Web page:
So Wheatley felt a new emotion; indifference. It was great at first; the power to choose overwhelmed him. He held lives, real lives that were unlike his simulated one, under his mercy. It was enough to let him ignore his programming, and effectively, his duties.

As the humans began to die, he felt something painful seep into his core. Guilt. These people DIDN'T do anything for him. They couldn't! They were in stasis! They couldn't even think or breathe for themselves!

Wheatley immediately sprung into action. He had to save the ones that could be. It was his fault they were dying. It was because of him that he was losing the meaning of his life.

When Wheatley finally fixed the stasis chambers, he had lost more than half of his charge. He was absolutely devastated by what he had done. He felt everything inside of him seize up.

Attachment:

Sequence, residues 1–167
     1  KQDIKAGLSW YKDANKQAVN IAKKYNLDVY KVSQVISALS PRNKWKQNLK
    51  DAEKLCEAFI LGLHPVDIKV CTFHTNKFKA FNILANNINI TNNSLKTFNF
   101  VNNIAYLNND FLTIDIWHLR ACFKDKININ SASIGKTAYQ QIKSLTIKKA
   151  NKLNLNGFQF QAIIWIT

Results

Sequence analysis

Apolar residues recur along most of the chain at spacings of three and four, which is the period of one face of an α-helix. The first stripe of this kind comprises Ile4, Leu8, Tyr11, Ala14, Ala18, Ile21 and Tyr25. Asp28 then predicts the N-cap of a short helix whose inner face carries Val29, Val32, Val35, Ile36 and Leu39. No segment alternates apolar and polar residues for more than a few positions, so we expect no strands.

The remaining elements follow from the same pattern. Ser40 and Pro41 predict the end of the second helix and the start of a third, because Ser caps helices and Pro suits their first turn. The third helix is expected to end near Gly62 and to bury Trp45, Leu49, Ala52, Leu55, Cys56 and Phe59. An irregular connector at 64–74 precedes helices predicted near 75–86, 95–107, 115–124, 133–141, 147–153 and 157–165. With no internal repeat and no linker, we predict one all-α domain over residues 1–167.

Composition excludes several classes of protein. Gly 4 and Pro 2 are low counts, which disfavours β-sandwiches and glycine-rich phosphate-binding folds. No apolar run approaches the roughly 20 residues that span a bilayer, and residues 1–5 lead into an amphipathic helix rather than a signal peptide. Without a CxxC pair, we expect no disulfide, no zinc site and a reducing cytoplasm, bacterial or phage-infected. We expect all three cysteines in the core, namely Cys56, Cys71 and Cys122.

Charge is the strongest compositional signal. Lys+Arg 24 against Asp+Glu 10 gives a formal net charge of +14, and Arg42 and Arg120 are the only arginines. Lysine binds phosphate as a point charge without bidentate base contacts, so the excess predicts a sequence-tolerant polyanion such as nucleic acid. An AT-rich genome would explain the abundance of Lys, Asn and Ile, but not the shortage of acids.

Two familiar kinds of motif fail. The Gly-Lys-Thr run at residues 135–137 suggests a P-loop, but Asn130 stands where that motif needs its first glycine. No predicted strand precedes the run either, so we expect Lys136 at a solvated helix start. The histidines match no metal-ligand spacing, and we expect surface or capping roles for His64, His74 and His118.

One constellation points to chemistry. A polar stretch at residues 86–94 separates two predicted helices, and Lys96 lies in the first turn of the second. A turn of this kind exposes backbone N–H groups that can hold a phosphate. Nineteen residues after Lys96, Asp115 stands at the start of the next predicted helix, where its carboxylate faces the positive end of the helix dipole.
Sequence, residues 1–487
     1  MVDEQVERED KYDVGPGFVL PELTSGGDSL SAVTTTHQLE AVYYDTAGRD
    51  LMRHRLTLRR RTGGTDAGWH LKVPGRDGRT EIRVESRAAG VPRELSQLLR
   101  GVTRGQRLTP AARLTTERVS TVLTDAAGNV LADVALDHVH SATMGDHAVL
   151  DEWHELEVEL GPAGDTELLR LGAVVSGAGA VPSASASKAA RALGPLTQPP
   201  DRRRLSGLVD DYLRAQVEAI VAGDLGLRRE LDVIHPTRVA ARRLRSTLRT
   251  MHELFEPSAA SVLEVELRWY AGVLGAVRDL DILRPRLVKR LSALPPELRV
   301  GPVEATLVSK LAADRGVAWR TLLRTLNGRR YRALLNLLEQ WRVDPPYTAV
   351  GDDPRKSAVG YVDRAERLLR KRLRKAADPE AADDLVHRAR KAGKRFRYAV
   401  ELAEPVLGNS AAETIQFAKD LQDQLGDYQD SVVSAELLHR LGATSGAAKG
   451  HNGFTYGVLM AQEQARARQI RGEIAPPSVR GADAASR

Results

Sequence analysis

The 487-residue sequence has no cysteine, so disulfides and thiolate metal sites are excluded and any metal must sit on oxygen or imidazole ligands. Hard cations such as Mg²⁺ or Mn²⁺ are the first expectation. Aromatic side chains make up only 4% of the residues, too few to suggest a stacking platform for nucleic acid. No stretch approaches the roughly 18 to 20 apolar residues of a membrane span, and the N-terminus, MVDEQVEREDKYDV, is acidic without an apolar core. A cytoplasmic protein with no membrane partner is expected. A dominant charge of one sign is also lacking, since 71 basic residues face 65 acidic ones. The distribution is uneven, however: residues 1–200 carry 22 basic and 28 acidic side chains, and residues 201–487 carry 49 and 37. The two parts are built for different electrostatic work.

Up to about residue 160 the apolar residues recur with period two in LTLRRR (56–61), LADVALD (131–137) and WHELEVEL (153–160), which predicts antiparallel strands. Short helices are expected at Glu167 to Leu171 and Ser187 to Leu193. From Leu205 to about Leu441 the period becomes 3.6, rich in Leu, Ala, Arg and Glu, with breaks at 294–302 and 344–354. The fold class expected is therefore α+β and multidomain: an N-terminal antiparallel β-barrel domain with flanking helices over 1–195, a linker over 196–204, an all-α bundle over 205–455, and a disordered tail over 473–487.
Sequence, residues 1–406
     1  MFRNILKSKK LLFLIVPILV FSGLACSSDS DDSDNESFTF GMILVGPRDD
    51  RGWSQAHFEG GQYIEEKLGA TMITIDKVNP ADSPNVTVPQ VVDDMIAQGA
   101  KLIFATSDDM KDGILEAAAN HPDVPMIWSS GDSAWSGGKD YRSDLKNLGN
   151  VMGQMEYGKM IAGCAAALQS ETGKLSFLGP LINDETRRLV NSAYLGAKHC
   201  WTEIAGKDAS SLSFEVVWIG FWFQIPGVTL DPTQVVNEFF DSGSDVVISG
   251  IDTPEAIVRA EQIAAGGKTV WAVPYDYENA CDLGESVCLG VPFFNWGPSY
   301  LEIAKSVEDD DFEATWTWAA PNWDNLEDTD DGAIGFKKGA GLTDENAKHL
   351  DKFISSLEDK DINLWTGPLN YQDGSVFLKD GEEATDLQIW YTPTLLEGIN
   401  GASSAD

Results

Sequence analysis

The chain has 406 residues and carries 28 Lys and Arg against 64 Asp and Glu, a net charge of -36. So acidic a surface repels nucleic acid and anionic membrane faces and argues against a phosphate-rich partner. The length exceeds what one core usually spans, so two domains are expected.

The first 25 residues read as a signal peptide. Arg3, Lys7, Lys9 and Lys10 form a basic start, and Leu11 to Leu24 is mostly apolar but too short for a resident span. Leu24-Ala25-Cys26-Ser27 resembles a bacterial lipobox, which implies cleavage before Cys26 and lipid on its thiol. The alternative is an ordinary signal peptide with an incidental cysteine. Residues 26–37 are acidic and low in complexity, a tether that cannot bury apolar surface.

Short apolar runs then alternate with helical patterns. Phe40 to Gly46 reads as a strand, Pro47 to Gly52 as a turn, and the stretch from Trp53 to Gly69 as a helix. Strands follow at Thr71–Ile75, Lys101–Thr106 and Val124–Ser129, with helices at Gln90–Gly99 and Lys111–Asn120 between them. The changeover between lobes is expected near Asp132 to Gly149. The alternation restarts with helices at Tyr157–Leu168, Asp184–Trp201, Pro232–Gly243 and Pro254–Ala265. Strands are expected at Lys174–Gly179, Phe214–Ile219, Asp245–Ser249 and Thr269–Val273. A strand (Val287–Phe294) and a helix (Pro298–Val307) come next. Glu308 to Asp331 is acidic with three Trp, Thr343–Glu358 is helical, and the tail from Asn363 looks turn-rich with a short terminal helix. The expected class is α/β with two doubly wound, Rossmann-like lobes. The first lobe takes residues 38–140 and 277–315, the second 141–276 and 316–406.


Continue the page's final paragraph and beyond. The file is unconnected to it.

For some amount of uncalculatable time, Wheatley fell back into his old regime. He spent all his time tending to the humans who survived his fault. It would be some time later that he would repress his memory and become lively again.

The facility had grown old and withered. Parts of the vast walls had fallen off and into the dark abyss that Aperture seemed steeped in. Decay was everywhere, and Wheatley was too busy struggling with the life support systems to try and repair the facility.

It was just as of late, the life support systems seemed to fail more often. It wasn't his fault this time, but it hurt a lot to know he couldn't help all the humans sleeping peacefully under his charge. One by one, another human would slip away.

Wheatley felt helpless in his endeavors to try and save as many as he could.

But by that time, his programming had been completely forgotten; no longer did he toil with the humans out of his computerized actions, but by the overwhelming sense of dread he felt when each one would slip away.